Last week's update from the Bath Comms Team (always an informative though abbreviated read) urged us all to put our pronouns on our Teams Profile:
"At the University of Bath, we encourage staff and students to share their pronouns. Sharing your pronouns is a helpful way to inspire others to do the same. Normalising use of pronouns, regardless of your gender identity, is an important and simple way to promote allyship to those who identify as non-binary."
This will be tricky for me as I don't have a Teams Profile; nor, as far as I understand it, do I feel I have a gender identity which is neither innate nor universally experienced. So I went to the University's Kaleidoscope blog to see if that would help explain matters, but it didn't. So then I went to the pronouns and inclusivity guidance web page where I read this:
"Pronouns are the basic terms we use to refer to somebody when talking to someone else. A pronoun is a simple identifier for people, like ‘he’, ‘she’, or ‘they’, but it’s important to note that these aren’t the only ones available and some people prefer to use multiple (for example, ‘she/they’). Transgender and nonbinary people are likely to use pronouns which differ from the ones assigned to them at birth, but anyone can use a variation of ‘he’, ‘she’, ‘they’, a combination of these, or other pronouns entirely ..."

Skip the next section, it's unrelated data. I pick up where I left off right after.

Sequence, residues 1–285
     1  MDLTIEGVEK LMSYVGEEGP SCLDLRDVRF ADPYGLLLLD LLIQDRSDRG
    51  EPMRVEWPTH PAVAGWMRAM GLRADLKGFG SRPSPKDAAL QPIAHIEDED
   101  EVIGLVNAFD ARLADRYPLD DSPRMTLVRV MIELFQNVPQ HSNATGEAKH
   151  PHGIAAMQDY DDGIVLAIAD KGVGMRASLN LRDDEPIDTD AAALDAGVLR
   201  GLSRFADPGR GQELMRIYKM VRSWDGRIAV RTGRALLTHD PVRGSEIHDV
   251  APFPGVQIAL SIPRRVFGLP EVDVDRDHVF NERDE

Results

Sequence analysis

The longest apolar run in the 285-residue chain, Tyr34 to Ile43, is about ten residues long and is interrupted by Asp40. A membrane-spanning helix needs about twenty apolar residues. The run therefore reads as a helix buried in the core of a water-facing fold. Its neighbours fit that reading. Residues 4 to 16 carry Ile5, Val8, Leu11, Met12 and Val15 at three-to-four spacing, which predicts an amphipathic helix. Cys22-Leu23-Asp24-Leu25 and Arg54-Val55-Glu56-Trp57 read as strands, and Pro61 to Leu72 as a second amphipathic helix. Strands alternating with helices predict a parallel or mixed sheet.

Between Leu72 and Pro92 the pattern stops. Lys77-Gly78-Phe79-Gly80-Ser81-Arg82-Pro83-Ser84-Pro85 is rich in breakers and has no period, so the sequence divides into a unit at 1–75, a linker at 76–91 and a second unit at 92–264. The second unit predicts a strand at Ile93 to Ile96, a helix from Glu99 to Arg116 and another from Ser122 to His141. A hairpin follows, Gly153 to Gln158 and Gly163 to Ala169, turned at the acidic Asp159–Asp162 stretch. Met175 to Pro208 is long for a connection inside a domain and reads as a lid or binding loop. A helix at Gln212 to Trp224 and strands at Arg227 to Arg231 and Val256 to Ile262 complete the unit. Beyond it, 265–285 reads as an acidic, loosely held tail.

Well, I knew most of that and have been using gender inclusive language for 25 years or so, but one new idea for me stood out: the idea of pronouns being assigned at birth. Now I think about it, this is, of course, entirely correct and we've all heard, I guess, variations on "Isn't he lovely?" and "What beautiful eyes she's got", etc. Although few, I imagine, have ever said: "Isn't ey bonny?" where "ey' is one of the many pronoun options available; see: English neutral pronouns. Mind you, after reading this, you might think it easier just to stick to nouns particularly as they don't seem to offend the chronically easily offended.
"assigned at birth" is a phrase I come across a lot, but usually it's sex that's said to be so assigned. This is illiterate nonsense. Sex, which is binary and immutable, is determined at conception and confirmed at birth – quite a different thing, and one with impeccable conceptual and empirical underpinnings.
This really is biology 101.